Habitual Sickness
Habitual Sickness Rubbish

The London based production duo Habitual Sickness (also known as Stephen Bailey) has been producing records for almost a decade, and their debut LP is a very welcome return. The title is loosely translated from a Chinese doctor performing a ritual on a woman, and the seven tracks here are suffused with experimental choruses, spooky drone pieces and a sweeping electric guitar solo from drummer at the project.

The production on the album is done by Taishiqi, an experimental electronic sound installation and sound artist based in Tokyo, and the music is very much of a piece with the installation. The album is entirely digital, and the first half of the album is a drone piece, but it’s the second half that’s most compelling: “Power” is a heavy drone with throbbing bass, and “Enslave” is a heavily saturated disco track with an eerie melody. “The Fall” starts as a drone piece that’s even more typical of Habitual Sickness’s output, but it’s a brief appearance, and it’s only when the more traditional tracks of “Chrono” and “Agnosis” are joined by the more conventional “Habitual Sickness’s Planet” by pianist Nkisi, and the trippy “In” by keyboardist Peter McGuire that the album really takes off.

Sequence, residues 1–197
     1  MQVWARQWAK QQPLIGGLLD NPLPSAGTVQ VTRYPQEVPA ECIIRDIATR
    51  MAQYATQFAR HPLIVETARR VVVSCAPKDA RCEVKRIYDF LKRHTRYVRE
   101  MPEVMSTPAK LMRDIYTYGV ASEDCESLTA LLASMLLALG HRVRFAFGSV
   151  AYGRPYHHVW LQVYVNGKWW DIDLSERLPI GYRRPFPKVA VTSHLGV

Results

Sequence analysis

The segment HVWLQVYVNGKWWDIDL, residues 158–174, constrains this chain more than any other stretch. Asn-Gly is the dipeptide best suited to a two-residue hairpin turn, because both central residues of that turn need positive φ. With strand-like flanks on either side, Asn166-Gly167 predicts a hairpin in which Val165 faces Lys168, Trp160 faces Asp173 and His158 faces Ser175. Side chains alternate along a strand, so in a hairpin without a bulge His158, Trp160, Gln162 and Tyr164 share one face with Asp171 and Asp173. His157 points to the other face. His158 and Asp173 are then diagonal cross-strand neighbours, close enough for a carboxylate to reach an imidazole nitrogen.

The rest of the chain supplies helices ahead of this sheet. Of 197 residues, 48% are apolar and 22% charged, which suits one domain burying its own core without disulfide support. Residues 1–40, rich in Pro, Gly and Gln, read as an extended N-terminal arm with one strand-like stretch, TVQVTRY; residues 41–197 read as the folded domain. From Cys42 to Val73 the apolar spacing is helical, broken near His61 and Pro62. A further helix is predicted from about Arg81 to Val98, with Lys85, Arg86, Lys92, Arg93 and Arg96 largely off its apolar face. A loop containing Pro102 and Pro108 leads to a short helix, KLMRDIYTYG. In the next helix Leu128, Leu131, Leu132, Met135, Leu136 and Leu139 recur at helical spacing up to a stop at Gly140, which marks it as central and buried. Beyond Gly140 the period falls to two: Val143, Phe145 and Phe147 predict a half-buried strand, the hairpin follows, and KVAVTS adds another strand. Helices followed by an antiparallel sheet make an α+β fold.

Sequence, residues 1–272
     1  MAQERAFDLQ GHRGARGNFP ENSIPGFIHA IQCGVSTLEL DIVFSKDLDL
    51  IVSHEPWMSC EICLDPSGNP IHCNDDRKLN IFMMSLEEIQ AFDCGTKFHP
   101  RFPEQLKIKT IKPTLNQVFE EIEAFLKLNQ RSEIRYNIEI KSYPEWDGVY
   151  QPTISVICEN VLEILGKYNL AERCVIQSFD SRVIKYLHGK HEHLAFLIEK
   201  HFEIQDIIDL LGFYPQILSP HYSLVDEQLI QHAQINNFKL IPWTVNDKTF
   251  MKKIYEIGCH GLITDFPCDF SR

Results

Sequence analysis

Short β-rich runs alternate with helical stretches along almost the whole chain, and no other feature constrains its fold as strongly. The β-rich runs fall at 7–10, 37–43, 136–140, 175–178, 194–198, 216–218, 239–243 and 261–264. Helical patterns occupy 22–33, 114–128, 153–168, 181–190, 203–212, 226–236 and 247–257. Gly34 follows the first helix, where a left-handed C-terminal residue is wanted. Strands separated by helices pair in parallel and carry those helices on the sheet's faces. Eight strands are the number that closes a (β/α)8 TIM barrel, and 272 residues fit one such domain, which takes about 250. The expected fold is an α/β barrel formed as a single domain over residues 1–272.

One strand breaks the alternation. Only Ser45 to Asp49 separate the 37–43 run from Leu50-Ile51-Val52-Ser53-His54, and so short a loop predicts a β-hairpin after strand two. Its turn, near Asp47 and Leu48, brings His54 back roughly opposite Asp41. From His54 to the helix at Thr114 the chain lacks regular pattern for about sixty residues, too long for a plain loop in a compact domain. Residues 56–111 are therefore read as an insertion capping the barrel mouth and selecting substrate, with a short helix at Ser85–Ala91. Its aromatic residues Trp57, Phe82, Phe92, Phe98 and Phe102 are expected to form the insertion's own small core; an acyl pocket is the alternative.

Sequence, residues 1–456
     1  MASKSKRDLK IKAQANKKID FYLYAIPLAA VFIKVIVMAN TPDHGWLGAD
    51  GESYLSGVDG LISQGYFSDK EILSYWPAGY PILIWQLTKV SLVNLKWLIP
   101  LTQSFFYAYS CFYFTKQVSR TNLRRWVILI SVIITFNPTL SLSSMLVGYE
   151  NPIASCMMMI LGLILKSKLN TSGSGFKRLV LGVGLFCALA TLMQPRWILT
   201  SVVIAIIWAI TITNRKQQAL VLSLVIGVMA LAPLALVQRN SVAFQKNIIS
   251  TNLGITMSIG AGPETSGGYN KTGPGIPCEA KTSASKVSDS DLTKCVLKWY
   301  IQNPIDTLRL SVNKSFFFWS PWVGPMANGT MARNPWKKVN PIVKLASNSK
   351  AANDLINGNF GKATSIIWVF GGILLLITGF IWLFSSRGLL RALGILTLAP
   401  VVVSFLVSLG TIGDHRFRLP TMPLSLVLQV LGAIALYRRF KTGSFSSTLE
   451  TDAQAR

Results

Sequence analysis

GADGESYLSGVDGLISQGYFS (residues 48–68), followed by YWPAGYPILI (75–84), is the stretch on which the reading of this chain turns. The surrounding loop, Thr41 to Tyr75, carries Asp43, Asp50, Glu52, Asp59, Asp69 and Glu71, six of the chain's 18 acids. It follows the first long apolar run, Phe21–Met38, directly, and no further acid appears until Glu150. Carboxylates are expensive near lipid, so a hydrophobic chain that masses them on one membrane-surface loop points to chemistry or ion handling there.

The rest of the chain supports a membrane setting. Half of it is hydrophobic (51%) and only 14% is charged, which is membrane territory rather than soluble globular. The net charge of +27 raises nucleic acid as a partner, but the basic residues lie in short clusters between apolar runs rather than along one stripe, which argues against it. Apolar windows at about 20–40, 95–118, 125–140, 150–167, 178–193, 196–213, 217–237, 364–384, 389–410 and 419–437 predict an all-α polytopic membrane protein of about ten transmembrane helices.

Nkisi’s piano tracks “Chrono” and “Agnosis” are both accompanied by a wide array of choral and electric instruments, and the latter opens the album with a sample of a man writing a letter to the editor, while the choral notes on “In” are reminiscent of the music of the Virgin Islands. The piano ­sings “The Big Dandelion” while McGuire and McGuire’s electric guitar tease out a slow build to “The Moon Is Rising”; “The Night Sky” is a striking drone piece with a distinctive timbre and a pulsing electric guitar solo.

The sound of the album is built around a set of pulsing, arpeggiated chords, but it’s the first track “White Noise” that tells you the full story. The piano chords are layered with synths, and it’s a fascinating listen. It’s an oddly atmospheric piece, and has a distinct, nervy quality that suggests the work of a moving dream.

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